1. The first impression thing is so powerful. I broke out in a flop sweat in the middle of my last interview, it was ghastly! The interviewer couldn’t have but noticed. Thankfully they were discreet and luckily however else I conducted myself did the trick because I start the job next week. I’m pinching myself!

  2. this definitely takes a certain type of person, don’t think i have what it takes and i admire you for having it )

    • I think we self-select into those happier working on their own, finding clients (and living less securely) and those who really want the structure of a “real” job in an office or organization. Having done both, I enjoy elements of both.

  3. I am going to try my hand at self-employment, and this post is encouraging. My strongest asset seems to be my network. I never thought of freelance being a gig spent in monastical solitude. (Or, keep dating!) My only worry at this point is hooking the first gig….and taxes.

    • Some people rent an office or a co-working space to have some other people around them; I’ve been too cheap to spend the $300 a month although I’m now starting to consider it even a few months at a time as a break from the isolation.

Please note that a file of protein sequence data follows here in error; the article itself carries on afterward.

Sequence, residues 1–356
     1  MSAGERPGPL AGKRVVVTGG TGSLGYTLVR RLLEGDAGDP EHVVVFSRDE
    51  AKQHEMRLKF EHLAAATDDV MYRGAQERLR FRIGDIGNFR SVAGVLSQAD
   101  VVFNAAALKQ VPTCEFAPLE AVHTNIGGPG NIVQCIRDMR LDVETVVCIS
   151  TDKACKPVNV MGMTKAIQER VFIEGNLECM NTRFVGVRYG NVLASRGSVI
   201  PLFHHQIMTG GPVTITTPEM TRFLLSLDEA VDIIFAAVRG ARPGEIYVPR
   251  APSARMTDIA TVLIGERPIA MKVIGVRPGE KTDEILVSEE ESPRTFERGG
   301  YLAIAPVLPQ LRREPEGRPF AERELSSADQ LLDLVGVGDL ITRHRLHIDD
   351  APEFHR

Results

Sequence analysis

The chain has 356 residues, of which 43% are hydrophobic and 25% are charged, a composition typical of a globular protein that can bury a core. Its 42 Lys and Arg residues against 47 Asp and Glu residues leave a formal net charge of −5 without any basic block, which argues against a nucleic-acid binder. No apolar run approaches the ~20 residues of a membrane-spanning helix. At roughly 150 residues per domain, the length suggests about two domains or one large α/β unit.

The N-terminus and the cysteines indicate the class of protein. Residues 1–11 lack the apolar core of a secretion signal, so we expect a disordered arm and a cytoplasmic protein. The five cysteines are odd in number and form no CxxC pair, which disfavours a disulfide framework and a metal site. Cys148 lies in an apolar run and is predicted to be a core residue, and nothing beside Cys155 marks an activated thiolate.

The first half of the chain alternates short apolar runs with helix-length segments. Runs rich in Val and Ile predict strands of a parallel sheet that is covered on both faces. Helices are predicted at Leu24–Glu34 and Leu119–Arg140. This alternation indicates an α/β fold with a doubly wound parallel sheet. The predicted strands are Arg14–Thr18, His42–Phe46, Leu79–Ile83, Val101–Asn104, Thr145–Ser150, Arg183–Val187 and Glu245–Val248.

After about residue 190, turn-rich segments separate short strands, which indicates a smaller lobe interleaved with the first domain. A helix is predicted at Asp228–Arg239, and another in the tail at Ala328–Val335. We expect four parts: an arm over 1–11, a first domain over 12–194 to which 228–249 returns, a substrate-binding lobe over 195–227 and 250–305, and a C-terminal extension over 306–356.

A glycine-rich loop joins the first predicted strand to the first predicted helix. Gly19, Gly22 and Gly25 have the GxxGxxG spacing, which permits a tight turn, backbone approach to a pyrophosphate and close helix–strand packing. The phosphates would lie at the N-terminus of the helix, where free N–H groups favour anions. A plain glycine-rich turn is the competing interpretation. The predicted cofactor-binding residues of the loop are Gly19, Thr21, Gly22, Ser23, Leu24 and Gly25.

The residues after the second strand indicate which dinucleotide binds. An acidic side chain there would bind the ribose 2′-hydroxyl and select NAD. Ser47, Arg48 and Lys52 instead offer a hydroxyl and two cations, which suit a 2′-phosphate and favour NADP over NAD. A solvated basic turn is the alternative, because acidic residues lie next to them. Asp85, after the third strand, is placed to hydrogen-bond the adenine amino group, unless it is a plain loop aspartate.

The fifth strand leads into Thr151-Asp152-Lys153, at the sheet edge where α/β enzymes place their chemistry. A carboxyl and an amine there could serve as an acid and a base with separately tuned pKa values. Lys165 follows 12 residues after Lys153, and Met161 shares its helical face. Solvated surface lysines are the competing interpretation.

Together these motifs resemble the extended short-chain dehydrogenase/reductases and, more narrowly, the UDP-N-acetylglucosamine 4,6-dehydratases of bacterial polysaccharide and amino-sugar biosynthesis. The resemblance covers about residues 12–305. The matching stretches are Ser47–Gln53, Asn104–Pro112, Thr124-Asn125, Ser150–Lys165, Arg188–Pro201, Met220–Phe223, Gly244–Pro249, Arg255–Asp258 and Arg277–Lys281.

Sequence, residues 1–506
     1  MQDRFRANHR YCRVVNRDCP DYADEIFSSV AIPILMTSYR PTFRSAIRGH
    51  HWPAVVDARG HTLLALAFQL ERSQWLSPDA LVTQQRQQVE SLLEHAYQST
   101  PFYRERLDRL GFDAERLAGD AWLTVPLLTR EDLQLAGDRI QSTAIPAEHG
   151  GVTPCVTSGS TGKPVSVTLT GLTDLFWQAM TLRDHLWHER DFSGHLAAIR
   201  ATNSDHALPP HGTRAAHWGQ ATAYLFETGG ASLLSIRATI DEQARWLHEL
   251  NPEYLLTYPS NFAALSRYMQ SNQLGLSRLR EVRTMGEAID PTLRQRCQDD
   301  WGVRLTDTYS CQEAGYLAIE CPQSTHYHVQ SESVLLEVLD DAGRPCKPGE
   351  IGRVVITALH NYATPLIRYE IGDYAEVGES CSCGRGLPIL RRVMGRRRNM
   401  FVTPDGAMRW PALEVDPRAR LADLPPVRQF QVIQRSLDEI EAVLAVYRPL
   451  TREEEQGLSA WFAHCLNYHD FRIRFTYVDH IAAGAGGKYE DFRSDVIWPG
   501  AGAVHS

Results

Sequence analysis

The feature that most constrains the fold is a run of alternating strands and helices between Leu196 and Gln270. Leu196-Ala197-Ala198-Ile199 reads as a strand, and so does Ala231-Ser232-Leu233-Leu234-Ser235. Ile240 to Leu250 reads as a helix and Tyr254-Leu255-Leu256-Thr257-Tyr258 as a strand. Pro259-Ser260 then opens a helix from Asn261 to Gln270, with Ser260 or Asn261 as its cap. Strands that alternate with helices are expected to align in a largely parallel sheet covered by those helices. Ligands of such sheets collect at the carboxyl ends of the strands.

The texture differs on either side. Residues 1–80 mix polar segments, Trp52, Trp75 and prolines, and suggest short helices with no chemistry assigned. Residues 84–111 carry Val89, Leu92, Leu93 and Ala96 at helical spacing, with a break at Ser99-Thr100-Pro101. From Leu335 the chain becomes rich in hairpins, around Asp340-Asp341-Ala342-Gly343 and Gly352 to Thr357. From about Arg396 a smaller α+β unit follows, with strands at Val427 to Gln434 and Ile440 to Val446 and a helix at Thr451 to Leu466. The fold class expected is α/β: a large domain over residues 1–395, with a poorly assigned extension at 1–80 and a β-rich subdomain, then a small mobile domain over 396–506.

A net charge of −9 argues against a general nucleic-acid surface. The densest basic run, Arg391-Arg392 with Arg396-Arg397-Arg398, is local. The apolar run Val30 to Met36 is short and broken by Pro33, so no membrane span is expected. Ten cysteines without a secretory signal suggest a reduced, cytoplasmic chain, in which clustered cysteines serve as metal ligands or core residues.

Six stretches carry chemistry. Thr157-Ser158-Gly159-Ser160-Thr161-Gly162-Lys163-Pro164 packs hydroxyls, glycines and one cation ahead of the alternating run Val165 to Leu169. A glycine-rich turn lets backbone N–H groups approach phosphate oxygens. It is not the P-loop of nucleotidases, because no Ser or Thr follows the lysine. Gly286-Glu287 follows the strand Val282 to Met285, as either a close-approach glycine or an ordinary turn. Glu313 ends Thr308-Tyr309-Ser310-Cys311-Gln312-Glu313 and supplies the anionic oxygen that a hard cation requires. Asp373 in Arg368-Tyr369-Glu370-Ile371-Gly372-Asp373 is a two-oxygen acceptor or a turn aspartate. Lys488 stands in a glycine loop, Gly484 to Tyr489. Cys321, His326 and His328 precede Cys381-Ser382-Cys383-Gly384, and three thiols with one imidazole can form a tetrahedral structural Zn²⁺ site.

Your network is really important. The first gig might be tough because until you have clips (written, published work) you don’t have proof you can do it well. Taxes are the least of it.

  4. …oops. I meant to also say that freelancing is like dating in a way. If the first date doesn’t go well, you don’t have to keep going back to the same date.

    • Very true.

      The ideal is to have every client become a repeat for years, but sometimes the fit is very poor and you make the choice never to work with them again. That happened to me this year with a promising new client.

  5. Good question! Trying to pick the most essential skill according to my experience… I think it is the ability to “see” a community of like-minded clients out there, even this is not an obvious target group described in an article by a marketing expert.
    I think you need to define your target group as precisely as possible (probably you do this intuitively). In IT my target audience comprised “geeky system administrators” – the common sense of humor really was the most important criterion.

    • Ohhhhh…so cool! Thanks for this.

      It’s very true, that if I only defined my market as print journalism (and some do), it’s too narrow for me, intellectually and financially. Instead, I think many people are very hungry to learn to discern and tell compelling stories…in business, academia, NGOs, etc. I’m a professional story-teller so I need to find them, wherever they are. I like your POV.

      And so interesting that humor is the link. In journalism, it’s probably a hard-boiled way of seeing the world.